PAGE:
Broadland agrees to increase its share of council tax for first time in six years

Broadland District Council logo.

Broadland District Council logo. - Credit: Supplied

Broadland District Council has agreed to increase its share of council tax for the first time in six years.

Members this evening voted in favour of the 2017/18 budget, which will see a £5 council tax increase for people living in a band D property.

The council was told that the increase was needed to help the local authority 'absorb costs' following a rise in inflation.

Over the coming financial year Broadland could also have to draw £681,000 from its reserves in order to cope with future growth.

But Trudy Mancini-Boyle, cabinet member for finance, told councillors that as of December 31, 96.9pc of the 2016/17 budget had been spent.

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She added: 'It is therefore predicted it will not be necessary to make the draw on reserves we had anticipated at this time last year.'

Members were told that Broadland's revenue support grant will also reduce to nil by 2020, and that its primary source of funding will be from business rate retention.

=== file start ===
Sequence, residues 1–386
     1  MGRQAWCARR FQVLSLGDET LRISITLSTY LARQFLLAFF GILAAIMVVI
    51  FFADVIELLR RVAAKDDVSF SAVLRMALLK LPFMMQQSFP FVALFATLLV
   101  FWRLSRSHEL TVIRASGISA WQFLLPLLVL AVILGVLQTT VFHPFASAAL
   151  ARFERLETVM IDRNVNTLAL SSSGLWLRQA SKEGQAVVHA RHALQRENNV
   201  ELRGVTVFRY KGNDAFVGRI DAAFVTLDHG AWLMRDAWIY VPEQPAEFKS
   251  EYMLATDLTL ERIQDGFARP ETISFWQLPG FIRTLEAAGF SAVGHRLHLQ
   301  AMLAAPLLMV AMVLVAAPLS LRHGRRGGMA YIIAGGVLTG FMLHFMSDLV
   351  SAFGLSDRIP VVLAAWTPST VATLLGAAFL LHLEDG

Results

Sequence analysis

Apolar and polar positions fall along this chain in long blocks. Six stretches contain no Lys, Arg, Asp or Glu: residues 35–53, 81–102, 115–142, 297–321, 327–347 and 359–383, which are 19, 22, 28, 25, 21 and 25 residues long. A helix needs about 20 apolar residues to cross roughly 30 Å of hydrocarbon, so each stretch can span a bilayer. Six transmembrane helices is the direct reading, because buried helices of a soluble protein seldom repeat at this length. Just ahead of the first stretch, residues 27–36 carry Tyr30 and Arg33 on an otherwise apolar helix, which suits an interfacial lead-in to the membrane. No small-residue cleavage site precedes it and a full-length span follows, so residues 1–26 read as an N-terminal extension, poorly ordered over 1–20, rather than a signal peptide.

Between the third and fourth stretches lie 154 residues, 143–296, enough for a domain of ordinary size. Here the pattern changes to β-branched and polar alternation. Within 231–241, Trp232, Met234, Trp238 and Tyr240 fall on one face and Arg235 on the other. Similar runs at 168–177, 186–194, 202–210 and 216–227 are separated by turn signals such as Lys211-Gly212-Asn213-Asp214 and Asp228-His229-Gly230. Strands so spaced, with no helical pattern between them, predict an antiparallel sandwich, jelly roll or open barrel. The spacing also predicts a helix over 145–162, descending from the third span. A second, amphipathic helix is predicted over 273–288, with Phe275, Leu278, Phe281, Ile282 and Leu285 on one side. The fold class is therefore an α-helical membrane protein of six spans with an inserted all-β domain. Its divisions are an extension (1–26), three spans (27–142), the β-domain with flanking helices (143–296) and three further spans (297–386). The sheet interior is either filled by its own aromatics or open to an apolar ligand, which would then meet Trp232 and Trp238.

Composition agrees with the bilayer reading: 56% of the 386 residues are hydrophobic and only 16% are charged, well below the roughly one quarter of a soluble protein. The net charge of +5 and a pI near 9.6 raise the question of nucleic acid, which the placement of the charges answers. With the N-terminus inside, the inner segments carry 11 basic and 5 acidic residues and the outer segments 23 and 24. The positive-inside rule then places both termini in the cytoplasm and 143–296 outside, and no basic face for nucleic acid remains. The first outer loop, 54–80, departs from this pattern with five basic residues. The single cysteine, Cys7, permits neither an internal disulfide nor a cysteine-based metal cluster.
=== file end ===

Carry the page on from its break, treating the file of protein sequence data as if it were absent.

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As a result, £2.246m could be required from reserves between April 2017 and March 2020, to maintain the current level of services to residents.

The new council tax rates will see Broadland's share increase from £111.15 a year to £116.15 - a rise of 4.5pc.

Council tax bills are made up of portions paid to the county council, districts, parishes and the police authority.

Earlier in the week, Norfolk County Council agreed to hike up its share of council tax by 4.8pc.

And that was on top of an increase of just below 2pc for policing.

Mrs Mancini-Boyle said: 'Clearly Broadland still has healthy reserves and opportunities that arise for the appropriate use of these to encourage the right kind of development, for both new business and new homes, is the way that the council can best combat the challenges ahead.'

Members also voted in favour of Broadland not taking on responsibility for any new street lighting in the district from April 2018.

It would see responsibility for the cost of maintaining new street lights transferred to parish and town councils.

However, the council agreed that a consultation should be undertaken with all affected parishes before this goes ahead.

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